I need some help from the reloading gurus.

Lighter cases accept more powder. Heavy cases accept less. The ratio of brass to to powder is small -- brass is denser by far, right at 20:1, but not inconsequential.

Crap, why is this concept such a challenge for some people..........

The 'concept' doesn't square with reality, is why.

Every company uses a slightly different alloy, so the weight can vary, regardless of volume. Some cases are balloon head, and some aren't; again that affects weight more than volume.
Pretending that any random case that's lighter holds more powder, is either nonsensical or ignorant of how production works.

Here's the actual traces from the pressure testing, so you don't have to scroll up again; here's the case weights
Lapua - 165.10gr
Norma - 154.78gr

Despite the case weights variation, the internal volume wasn't enough different to affect the burning curves in any meaningful way.

Identical? No.
Meaningfully different? Also no.



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Bull Bull and more Bull you know what.

Your chamber is pretty much fixed. The case capacity after a couple firings is the chamber capacity minus the case weight, OK? Its physics. The brass has expanded to whatever size the chamber is reamed at, plus headspace. ASSUMING you are not full length resizing every round.....

Lighter cases accept more powder. Heavy cases accept less. The ratio of brass to to powder is small -- brass is denser by far, right at 20:1, but not inconsequential.

Crap, why is this concept such a challenge for some people..........
Totally agree with the “BULL” part!! This concept only makes sense to say the least👍 I don’t weigh my brass because it has never mattered to me. I ladder load in 1/2 grain loads, select the load that gives me the best groups, “then” start playing with .01+ tenths load increments from there. The difference in the point of impact on the attached target was due to a scope adjustment. I would also suggest playing with bullet jump as well as power increments as this too changes case volume. With the attached target I stayed with the 48.5gr load and a bullet jump of .020. I cannot shoot better than what this load is producing and stopped right there with any further load development. This is a 30-06 hunting rifle and not a long range target gun. There are so many variables involved here when it comes to reloading it is not wonder that this thread has so many replies and "opinions. I can say that I have had my best load development with brass that has been fired at least one or two times in my rifle before working a load up. Essentially fire forming the brass to my chamber. I have duplicate rifles in quite a few cartridges. If I build a rifle for myself, I will usually build one for my son. And both rifles are built by the same gunsmith, with the same tooling and with the same components. With this said, I have to keep the brass separate for each rifle because mixing the brass from the rifles that are chambered in the same cartridge "will" make a difference in the groups.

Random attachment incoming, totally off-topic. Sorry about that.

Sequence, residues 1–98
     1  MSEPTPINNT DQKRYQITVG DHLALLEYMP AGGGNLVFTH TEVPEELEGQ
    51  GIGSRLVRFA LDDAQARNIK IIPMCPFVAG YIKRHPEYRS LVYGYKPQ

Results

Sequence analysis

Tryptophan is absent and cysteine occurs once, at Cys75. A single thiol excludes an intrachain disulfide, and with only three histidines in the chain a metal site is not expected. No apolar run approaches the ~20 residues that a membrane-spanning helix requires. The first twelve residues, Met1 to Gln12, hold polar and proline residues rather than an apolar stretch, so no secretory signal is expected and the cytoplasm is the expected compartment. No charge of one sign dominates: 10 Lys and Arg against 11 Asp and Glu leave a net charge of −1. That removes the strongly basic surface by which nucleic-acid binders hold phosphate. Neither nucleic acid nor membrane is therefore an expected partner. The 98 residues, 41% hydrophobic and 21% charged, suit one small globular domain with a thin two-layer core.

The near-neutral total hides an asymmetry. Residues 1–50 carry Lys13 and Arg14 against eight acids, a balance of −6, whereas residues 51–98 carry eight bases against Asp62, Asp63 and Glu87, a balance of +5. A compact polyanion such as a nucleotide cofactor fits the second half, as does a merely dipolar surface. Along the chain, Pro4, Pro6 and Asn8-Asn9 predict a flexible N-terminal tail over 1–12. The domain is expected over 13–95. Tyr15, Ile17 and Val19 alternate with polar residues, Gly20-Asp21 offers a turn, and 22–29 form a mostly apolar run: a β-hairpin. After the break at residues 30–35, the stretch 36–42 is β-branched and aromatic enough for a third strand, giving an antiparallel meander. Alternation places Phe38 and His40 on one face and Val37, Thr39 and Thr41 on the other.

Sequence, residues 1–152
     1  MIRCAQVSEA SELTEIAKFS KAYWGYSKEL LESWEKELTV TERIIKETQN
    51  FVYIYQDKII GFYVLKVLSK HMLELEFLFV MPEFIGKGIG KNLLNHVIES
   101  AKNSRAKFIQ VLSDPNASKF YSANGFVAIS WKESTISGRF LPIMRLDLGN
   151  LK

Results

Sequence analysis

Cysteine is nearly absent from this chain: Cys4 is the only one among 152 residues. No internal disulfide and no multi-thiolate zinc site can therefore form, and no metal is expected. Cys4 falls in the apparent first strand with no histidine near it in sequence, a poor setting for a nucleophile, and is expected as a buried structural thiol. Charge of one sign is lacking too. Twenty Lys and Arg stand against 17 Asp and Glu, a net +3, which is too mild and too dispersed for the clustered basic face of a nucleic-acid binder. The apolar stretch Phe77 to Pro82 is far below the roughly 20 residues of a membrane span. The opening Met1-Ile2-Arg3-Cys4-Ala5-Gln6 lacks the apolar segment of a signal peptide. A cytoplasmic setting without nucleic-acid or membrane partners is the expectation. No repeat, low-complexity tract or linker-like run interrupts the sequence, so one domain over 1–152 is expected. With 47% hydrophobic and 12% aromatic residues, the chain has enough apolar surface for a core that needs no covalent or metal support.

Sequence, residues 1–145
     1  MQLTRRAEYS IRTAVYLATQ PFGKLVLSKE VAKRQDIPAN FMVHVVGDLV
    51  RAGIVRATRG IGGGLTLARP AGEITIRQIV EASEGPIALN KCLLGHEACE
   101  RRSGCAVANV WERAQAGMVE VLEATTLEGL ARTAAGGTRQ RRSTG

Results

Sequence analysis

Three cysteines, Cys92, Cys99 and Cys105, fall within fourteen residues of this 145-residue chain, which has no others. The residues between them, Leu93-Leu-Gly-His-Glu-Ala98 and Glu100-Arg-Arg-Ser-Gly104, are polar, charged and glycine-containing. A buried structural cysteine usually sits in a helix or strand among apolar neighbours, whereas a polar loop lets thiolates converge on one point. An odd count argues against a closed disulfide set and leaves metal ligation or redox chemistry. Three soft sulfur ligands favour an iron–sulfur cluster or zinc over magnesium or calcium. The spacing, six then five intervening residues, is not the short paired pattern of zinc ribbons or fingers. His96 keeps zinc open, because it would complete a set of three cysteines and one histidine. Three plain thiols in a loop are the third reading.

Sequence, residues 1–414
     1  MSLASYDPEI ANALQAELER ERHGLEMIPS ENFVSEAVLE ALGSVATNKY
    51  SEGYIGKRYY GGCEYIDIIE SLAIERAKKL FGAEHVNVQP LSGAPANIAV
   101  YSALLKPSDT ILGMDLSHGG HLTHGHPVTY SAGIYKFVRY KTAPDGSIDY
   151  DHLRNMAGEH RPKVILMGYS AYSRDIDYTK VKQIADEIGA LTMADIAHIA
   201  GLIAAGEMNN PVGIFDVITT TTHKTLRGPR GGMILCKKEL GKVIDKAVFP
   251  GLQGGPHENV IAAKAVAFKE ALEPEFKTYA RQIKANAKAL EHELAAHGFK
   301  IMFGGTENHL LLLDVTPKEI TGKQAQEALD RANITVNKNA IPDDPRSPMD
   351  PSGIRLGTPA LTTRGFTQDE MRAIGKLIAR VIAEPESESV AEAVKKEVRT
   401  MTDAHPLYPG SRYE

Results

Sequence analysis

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Exactly! I posted this because I’ve never had so much difference in a new box of brass and what I was using and I expected answers like “yeah that’s common with my latest boxes of Lapua. Shoot it all and reload it and it’ll be fine”. OR something like that. Instead I’ve got a whole range of stuff with some seeming like I’ve claimed to have the best shooting rifle know to man because I used “1/4 moa load” as a rough description of how the federal load was averaging to shoot. 🤷🏼‍♂️🤷🏼‍♂️. I did get a lot of helpful info as well though so it was worth it.
It's looking your are getting overwhelmed/frustrated with the replies that you are getting. All the differences of opinions are because everyone has "their" own particular opinions on what matter and what doesn't matter; and...of course their opinion is the correct one. And...some of this stuff is simply splitting hairs for some reloaders and not so much for others. My only suggestion is to sort through the replies and to apply them to your particular circumstances. I've learned quite a bit from your thread and I do appreciate your asking the question and for posting it.
It’s makes you wonder when we shot in the 70s and 80s how did we ever hit anything without a chronograph and we thought neck sizing only was the ticket
All I’m saying is that you can do it without because we did it without
But I’ve never shot out a tube with a pill using a recipe however I’ve shot a lot of barrels out with bullets using a load that I developed without using a chronograph
New people to reloading may not have access to all the tools at first I know I didn’t so you make do with what you got
I’ll have to do more research on it. I haven’t seen all his videos but I did see a video of his in the last couple weeks where he was talking about uniforming primer pockets and neck sizing and turning and weight sorting and he said that in his opinion most people do more damage than good and he said just buy Lapua and take it out of the box and use it. That’s what I do.